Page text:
We arrange regular talks and field trips as well as working parties to improve our local green and blue spaces for nature and people. We report our activities on local social media and in the village magazine.

Group of people at climate rally

Val joins BBOWT staff and supporters at a climate march

I admit political campaigning can sometimes feel futile. Joined-up thinking and political will often seem to be lacking. I’m never going to be a Greta Thunberg, but sharing my frustration with like-minded people spurs me on to “do my bit” to keep up the pressure for change.

But I do believe that change is in the air now and that the public is ahead of the politicians. Campaigns by numerous NGOs and the work of scientists have stirred the public conscience. As a result, the environment is now firmly on the political agenda.

We’ve glimpsed this with the climate marches at COP26. And we’ve seen brilliant projects working on nature’s recovery reported by the BBC including the Earthshot prizes awarded by the Duke of Cambridge. And we (at last!) have an Environment Bill and plans for nature recovery networks.

There is still much to be done and it’s by no means perfect but it’s a foundation on which to build.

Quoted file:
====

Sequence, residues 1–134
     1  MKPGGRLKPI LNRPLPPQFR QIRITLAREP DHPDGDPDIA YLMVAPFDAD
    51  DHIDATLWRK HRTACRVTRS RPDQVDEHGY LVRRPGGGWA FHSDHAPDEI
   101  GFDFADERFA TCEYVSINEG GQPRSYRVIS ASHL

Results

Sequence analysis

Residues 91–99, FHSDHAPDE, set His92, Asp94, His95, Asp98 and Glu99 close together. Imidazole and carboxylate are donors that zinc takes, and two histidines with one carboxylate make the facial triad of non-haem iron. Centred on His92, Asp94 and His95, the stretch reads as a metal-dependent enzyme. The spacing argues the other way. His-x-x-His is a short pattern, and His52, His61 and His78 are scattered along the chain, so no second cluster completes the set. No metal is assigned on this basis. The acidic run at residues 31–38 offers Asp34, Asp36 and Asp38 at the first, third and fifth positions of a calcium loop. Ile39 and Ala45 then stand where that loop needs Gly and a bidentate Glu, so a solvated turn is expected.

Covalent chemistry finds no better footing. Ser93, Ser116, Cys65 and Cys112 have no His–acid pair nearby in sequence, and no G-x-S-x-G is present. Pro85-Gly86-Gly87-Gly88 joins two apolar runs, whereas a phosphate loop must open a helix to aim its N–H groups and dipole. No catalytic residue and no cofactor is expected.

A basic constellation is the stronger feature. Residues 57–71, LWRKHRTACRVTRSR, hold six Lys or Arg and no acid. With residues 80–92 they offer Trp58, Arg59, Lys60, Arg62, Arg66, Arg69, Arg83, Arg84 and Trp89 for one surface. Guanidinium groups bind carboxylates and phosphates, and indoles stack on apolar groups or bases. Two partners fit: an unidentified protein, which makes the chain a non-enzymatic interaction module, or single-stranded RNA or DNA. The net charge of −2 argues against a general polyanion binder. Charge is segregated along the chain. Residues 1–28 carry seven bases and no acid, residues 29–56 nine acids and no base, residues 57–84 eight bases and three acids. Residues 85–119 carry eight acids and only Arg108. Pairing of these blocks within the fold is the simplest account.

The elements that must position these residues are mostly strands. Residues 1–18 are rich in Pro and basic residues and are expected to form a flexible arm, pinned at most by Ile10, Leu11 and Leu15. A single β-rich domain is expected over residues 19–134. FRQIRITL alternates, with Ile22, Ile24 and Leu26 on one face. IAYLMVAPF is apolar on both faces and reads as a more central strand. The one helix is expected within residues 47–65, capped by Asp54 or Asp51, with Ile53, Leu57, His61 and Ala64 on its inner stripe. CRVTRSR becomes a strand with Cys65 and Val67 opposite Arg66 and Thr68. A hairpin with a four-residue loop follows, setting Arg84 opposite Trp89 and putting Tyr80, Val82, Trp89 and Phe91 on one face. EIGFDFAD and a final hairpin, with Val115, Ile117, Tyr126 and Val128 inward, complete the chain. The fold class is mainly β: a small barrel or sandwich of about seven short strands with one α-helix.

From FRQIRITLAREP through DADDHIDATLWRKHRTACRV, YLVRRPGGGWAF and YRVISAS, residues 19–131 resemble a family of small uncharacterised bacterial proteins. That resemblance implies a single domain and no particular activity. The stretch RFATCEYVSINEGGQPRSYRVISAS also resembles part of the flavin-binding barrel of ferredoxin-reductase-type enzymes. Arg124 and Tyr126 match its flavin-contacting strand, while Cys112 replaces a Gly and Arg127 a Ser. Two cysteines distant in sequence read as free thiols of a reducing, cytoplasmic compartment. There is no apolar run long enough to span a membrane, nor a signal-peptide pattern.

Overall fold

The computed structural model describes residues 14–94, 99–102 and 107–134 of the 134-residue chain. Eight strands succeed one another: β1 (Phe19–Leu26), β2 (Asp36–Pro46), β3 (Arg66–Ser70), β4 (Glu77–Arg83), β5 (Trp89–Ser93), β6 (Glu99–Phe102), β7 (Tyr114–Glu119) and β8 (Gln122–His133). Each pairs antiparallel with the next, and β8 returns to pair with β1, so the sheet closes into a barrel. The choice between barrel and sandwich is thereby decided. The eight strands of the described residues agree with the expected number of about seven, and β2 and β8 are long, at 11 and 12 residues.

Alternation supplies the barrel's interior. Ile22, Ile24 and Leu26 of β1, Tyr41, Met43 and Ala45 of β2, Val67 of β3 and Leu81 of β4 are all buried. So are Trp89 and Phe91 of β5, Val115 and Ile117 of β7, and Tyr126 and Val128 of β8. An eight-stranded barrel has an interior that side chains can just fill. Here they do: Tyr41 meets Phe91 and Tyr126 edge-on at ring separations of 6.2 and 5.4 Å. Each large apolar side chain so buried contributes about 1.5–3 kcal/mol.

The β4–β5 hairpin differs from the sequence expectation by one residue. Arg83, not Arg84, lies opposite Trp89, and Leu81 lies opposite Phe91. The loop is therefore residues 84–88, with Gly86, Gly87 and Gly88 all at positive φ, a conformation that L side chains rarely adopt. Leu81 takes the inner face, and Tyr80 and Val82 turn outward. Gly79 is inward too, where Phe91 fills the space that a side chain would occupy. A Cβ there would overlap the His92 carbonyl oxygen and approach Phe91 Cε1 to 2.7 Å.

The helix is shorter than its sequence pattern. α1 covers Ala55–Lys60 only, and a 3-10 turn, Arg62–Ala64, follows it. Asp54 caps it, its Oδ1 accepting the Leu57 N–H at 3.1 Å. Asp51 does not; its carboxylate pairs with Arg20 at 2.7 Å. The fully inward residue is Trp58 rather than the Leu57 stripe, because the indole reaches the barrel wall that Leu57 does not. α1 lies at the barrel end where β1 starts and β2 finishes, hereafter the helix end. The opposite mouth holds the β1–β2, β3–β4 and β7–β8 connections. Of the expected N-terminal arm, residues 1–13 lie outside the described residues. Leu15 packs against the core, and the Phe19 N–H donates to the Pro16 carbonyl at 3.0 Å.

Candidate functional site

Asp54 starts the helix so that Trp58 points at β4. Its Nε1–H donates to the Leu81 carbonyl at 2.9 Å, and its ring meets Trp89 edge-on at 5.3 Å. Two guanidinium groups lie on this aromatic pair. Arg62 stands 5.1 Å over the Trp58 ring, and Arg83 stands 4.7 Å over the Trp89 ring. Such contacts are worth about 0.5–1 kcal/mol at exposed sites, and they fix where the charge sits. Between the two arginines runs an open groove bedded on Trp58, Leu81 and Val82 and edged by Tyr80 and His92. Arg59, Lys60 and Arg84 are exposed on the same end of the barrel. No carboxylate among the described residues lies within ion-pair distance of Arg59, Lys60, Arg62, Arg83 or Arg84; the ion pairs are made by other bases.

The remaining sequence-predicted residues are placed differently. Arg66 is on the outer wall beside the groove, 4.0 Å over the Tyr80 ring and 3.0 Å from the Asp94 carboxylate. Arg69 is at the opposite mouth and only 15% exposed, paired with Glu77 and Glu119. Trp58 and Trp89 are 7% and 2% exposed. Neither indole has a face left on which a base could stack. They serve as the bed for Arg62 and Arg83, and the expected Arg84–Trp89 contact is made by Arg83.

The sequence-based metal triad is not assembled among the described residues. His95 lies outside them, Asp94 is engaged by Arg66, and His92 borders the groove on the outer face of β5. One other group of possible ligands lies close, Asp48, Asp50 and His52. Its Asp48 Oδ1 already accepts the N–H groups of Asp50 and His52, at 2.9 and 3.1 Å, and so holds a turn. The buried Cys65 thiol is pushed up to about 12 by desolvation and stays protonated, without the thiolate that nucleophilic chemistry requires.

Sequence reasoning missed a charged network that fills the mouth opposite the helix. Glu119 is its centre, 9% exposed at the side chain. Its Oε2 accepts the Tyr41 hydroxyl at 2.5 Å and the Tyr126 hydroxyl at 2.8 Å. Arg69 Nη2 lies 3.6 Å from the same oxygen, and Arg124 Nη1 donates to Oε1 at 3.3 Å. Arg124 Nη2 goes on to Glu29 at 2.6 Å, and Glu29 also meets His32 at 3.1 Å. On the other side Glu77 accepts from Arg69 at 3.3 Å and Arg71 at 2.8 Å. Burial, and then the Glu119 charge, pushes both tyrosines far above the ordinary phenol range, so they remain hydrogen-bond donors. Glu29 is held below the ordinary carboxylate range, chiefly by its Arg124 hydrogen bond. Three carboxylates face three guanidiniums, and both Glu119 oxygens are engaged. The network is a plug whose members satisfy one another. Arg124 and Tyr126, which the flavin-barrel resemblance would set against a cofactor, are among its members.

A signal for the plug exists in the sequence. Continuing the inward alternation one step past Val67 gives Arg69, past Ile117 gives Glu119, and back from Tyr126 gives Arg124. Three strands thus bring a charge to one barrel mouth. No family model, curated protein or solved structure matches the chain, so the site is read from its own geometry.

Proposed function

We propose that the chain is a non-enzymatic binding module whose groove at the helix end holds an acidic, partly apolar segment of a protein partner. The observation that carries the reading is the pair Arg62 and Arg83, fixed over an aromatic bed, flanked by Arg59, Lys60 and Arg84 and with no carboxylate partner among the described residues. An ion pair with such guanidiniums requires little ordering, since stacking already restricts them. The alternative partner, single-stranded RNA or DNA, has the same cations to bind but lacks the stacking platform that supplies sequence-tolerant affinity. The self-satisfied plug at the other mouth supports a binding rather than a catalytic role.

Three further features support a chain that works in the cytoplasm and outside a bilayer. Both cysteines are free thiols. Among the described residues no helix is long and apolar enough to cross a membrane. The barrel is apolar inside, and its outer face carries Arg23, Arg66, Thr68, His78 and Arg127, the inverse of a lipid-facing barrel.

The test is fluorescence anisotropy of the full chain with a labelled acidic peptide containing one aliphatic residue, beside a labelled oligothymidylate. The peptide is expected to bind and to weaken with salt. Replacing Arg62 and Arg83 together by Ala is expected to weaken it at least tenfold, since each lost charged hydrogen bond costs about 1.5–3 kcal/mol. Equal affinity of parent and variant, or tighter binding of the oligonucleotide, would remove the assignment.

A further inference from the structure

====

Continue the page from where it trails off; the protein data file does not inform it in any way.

The next stage will be a government nature recovery green paper where people can push to remedy some of the shortcomings of the Environment Bill. With increasing numbers of BBOWT members (now over 500) becoming Wildlife Ambassadors, keen to campaign for more nature, there is still room for hope, as Sir David Attenborough says:

  • Never before have we had such an awareness of what we are doing to the planet, and never before have we had the power to do something about it.”  Blue Planet
  • “It is possible for us to achieve so much more by working together than any one of us can achieve alone.”  A Life on our Planet

Find out more about campaigning for the environment

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Team Wilder is a growing community of people from across our three counties and beyond, who are taking direct action for nature.

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Volunteers by Jess Gallagher